Bielefeldt relayed the findings of his comprehensive report, which was distributed in August. The report analyzes “patterns of abuses that are perpetrated in the name of religious or ideological truth claims.”

In his address, Bielefeldt said some religious freedom abuses were perpetrated by state agencies, but many more were the result of widespread societal prejudices against certain religions. In addition, he said the violations against women were of particular concern.

… This is a particular problem in countries like India, where Hindu nationalists initiated attacks on Christians, 20 of whom were arrested for celebrating baptisms, in Orissa in October. A similar attempt to force Christians to convert back to Hinduism occurred in September.

CT has previously noted the case of Ethiopian Christians who were detained and pressured to convert to Islam in Saudi Arabia. In 2011, CT noted the arrests of 12 people in India for converting to Christianity without notifying government officials first.

You can read the UN press release about the report by clicking here. The full text of the report can be found by clicking here.

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It is true that some people who claim to be Christians behave hatefully toward those who do not share their religion, but anyone who reads the teachings of Jesus knows that is not authentic Christianity and that the vast majority of Christian teachers tell followers Jesus requires them to love their enemies and bless those who persecute them.

By the same token, extreme strains of Hinduism and even Buddhism restrict anyone who teaches other beliefs and punish anyone who leaves those religions to follow another path. In the world of Islam, however, ordinary Muslims discriminate against and persecute followers of other faiths and Islamic teachers in unnumbered villages tell their adherents that anyone who leaves Islam for another way deserves to die. By far, the greatest discrimination and persecution is experienced by people who choose to follow Jesus.

You don’t have to look far to find evidence that followers of Jesus, by the hundreds of thousands, suffer every day at the hands of dark-hearted individuals. Christian girls are abducted, raped, and “permitted” to “convert” to the religion of their rapist. Young men who “disgrace” their families by deciding to follow Jesus are beheaded in front of the entire village. In many places, Christians are not allowed to own land or hold jobs, except as slave labor to wealthy men of the dominant religion. So-called “blasphemy” laws, instead of protecting a vulnerable religious tradition, most often are used as a club to steal the property of Christians or settle grudges against them.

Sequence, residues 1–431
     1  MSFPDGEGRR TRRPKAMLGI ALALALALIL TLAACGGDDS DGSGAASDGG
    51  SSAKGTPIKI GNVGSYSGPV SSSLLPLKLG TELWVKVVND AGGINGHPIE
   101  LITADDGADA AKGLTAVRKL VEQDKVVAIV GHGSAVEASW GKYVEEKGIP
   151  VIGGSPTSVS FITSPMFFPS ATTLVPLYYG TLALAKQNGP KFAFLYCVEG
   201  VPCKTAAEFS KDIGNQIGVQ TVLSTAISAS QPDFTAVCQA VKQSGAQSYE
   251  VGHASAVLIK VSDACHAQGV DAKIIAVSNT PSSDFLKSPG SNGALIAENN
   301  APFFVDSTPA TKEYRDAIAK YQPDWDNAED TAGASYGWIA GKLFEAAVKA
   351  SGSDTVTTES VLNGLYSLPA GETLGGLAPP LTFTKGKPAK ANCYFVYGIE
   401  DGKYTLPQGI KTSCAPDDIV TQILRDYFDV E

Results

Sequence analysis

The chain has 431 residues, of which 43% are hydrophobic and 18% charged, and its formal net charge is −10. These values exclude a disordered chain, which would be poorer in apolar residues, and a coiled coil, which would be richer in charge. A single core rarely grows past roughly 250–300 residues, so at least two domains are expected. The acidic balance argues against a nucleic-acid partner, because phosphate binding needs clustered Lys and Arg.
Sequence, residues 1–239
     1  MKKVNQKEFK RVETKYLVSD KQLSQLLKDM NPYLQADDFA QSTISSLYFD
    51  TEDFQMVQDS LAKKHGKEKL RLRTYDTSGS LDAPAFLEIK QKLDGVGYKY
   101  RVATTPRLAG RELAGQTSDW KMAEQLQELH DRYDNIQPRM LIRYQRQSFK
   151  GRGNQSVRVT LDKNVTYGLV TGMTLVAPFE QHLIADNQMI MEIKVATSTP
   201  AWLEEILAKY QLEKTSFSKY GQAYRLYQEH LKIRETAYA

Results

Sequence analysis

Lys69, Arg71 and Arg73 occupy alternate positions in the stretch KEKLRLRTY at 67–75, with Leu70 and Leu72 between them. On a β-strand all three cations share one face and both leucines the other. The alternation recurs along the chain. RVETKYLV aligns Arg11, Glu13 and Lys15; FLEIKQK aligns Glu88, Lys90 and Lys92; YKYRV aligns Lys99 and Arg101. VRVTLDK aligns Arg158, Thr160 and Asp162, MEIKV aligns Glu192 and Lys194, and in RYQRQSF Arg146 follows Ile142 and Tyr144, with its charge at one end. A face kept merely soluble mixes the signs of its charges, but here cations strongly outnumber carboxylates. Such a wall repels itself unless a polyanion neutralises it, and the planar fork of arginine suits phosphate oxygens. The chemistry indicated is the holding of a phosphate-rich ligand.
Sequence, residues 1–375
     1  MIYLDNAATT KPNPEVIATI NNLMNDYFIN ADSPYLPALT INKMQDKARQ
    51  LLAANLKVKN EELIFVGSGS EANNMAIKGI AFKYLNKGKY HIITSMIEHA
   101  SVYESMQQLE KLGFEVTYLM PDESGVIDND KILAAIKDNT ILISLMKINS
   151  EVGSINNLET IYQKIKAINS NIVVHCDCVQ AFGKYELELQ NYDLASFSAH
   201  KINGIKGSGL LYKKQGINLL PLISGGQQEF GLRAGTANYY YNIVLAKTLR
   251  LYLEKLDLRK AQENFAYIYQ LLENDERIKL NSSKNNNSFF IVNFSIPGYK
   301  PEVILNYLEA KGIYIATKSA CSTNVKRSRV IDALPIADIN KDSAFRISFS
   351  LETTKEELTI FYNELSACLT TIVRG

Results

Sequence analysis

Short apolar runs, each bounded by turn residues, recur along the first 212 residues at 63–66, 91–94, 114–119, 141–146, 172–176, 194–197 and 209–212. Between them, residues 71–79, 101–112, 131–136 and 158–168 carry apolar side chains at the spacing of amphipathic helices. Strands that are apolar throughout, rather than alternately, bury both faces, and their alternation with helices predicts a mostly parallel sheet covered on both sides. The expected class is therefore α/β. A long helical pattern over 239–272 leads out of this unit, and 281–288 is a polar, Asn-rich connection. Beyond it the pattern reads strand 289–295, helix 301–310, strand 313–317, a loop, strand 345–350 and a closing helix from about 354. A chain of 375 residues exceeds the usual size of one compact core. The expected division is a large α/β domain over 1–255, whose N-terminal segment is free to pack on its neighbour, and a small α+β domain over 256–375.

None of this is surprising. Ignorance and false teaching are widespread, and prejudice is actively promoted in many houses of “worship.” Jesus told his followers they would be hated by everyone. But even the thin gruel of a statement like the UN’s Universal Declaration of Human Rights recognizes every person has the right to freedom of thought, conscience and religion, including the freedom to change his religion or belief and to practice it.

Religious discrimination and atrocities of persecution must be vigorously opposed, and followers of Jesus have an obligation to protect and assist brothers and sisters in distress. You can make a difference through organizations like International Justice Mission, International Christian Concern, and Christian Solidarity International.

The US government is actively undermining religious liberty in the United States. You can learn more about that from our friends at The Becket Fund and The Manhattan Declaration.